Habitat loss is a critical factor driving extinction of biodiversity worldwide, with models of future land use anticipating increases in rates of destruction of native habitats worldwide. The Asian black bear (. Ursus thibetanus) is a red-listed species with a broad geographic range that has been fragmented dramatically by land use change. Remaining populations of U. thibetanus occupy diverse habitats, ranging from highlands to coastal regions. We integrated ecological niche models (ENMs) with nighttime satellite imagery to identify areas suitable for U. thibetanus after anthropogenic alteration. We found that at least 10% of the potential distributional area for the species is not suitable owing to urban or suburban encroachment. U. thibetanus seems to persist in highland areas, characterized by low temperature and high precipitation, whereas humans concentrate in lowlands and less-extreme climatic conditions. ENMs based solely on climate frequently overestimate suitable areas available for species; nighttime light imagery offers a robust alternative to refining estimates of species' ranges, designing protected areas and corridors, prioritizing threatened species, and determining areas of human-wildlife conflict across broad areas. Our approach is transferable to other taxa and contexts, and should be considered in conservation planning and policy implementation.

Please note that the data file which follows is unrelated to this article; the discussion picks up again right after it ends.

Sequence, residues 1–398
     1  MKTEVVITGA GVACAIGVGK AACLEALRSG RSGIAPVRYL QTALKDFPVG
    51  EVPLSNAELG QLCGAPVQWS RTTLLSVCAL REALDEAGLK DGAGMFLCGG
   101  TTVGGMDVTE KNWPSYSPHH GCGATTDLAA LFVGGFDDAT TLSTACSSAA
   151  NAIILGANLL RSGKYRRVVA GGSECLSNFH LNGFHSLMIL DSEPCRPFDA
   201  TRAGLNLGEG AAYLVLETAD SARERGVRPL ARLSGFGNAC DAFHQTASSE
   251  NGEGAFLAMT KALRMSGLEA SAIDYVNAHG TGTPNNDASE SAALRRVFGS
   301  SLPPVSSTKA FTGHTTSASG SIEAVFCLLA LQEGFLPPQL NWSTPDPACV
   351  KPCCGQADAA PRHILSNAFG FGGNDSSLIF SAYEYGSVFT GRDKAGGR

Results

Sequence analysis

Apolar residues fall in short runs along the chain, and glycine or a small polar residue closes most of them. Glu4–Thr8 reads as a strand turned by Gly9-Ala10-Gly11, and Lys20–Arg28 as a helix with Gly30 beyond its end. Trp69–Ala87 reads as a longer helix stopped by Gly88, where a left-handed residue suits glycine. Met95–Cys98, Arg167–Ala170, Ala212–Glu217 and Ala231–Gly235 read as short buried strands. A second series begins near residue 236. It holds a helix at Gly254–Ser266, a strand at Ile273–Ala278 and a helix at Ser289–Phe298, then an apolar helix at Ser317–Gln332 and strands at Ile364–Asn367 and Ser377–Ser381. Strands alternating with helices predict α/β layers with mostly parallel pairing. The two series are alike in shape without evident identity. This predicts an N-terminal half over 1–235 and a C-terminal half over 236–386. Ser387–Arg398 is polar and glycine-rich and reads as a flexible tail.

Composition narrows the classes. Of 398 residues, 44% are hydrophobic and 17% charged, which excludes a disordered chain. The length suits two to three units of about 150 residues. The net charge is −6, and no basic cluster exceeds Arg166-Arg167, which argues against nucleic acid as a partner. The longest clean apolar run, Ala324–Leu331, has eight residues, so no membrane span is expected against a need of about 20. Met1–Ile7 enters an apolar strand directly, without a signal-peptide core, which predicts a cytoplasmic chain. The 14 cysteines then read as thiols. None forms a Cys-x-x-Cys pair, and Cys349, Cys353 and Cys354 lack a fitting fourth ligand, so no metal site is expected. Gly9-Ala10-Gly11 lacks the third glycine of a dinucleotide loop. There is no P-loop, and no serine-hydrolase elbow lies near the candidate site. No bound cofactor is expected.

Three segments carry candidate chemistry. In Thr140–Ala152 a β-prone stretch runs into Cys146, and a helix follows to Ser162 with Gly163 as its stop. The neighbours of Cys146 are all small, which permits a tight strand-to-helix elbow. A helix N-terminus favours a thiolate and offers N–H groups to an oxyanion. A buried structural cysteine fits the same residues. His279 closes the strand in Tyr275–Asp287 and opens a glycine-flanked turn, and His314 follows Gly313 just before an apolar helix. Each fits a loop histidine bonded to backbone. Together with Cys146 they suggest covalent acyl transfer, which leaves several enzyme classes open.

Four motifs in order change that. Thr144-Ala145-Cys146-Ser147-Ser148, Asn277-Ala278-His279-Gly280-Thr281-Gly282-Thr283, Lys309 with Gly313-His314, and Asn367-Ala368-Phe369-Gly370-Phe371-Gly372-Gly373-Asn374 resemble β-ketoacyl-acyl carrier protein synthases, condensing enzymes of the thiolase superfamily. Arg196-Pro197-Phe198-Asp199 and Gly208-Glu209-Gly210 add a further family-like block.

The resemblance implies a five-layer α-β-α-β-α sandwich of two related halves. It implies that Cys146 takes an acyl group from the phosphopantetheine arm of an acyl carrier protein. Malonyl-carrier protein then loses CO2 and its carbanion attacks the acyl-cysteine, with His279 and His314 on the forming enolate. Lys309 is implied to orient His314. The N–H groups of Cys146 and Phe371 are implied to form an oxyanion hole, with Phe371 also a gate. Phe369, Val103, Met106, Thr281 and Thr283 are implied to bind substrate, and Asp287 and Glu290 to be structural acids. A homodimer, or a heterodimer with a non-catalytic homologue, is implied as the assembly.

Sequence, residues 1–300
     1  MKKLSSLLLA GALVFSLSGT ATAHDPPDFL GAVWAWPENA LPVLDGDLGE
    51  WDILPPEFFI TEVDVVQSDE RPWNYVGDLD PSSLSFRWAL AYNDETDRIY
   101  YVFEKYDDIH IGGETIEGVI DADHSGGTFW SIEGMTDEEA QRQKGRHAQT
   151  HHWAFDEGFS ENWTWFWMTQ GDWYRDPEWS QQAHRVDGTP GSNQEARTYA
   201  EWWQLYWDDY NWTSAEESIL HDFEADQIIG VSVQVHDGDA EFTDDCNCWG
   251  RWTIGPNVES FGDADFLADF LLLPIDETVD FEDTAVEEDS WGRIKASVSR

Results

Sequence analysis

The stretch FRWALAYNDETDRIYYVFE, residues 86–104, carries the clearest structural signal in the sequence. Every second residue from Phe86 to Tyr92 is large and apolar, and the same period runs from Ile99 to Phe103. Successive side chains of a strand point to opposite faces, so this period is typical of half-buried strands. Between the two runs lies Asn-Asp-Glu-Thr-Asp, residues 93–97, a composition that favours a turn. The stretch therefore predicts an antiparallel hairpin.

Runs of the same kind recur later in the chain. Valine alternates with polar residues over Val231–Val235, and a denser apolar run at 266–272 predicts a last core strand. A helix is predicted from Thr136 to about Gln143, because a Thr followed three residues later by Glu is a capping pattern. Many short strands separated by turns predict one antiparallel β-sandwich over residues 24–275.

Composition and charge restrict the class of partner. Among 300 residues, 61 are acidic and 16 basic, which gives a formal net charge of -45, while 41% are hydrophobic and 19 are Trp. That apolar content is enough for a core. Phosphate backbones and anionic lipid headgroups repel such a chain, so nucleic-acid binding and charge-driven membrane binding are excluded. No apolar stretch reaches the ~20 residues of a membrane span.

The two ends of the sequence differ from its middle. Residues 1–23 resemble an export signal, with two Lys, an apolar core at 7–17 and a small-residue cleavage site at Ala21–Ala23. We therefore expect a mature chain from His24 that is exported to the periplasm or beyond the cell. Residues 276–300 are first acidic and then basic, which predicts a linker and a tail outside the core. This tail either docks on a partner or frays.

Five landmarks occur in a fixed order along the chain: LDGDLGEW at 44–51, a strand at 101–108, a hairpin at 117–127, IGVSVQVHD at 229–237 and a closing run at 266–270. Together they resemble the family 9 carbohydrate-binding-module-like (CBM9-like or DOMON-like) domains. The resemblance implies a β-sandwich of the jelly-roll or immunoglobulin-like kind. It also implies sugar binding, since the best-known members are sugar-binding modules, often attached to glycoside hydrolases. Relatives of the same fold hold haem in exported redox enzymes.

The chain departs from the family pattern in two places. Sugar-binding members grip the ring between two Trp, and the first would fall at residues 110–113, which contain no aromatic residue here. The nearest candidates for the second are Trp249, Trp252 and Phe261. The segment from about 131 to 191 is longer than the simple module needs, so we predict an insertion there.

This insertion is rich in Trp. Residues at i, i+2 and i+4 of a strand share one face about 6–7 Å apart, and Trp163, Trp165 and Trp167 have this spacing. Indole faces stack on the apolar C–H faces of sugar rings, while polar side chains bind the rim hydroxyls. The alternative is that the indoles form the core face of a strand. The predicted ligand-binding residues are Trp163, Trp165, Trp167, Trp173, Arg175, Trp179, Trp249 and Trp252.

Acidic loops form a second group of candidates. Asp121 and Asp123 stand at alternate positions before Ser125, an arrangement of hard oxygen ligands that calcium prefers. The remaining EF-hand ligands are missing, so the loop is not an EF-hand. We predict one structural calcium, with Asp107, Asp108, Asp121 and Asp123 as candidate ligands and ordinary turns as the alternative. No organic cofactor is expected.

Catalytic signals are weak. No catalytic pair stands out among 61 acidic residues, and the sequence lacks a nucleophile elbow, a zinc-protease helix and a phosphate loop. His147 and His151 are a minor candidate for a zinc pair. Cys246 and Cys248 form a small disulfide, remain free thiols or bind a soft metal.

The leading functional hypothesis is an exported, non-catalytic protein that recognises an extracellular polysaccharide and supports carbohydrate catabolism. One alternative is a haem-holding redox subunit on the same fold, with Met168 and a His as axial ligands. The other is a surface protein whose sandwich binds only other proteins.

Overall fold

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Special thanks to A. Townsend Peterson for providing comments. Erin Saupe and Abby Morrison improved the English of an early version. The authors would like to thank the three anonymous reviewers for their voluntary suggestions and constructive critics that improved this manuscript. LEE's research was supported by the Global Emerging Infectious Disease Surveillance and Response System (GEIS) grant P0435_14_UN to Mark E. Polhemus. HQ was supported by the National Natural Sciences Foundation of China (grant 31100390 ).
- Ecological niche model
- Habitat loss
- Land use change
- Nighttime lights
- Ursus thibetanus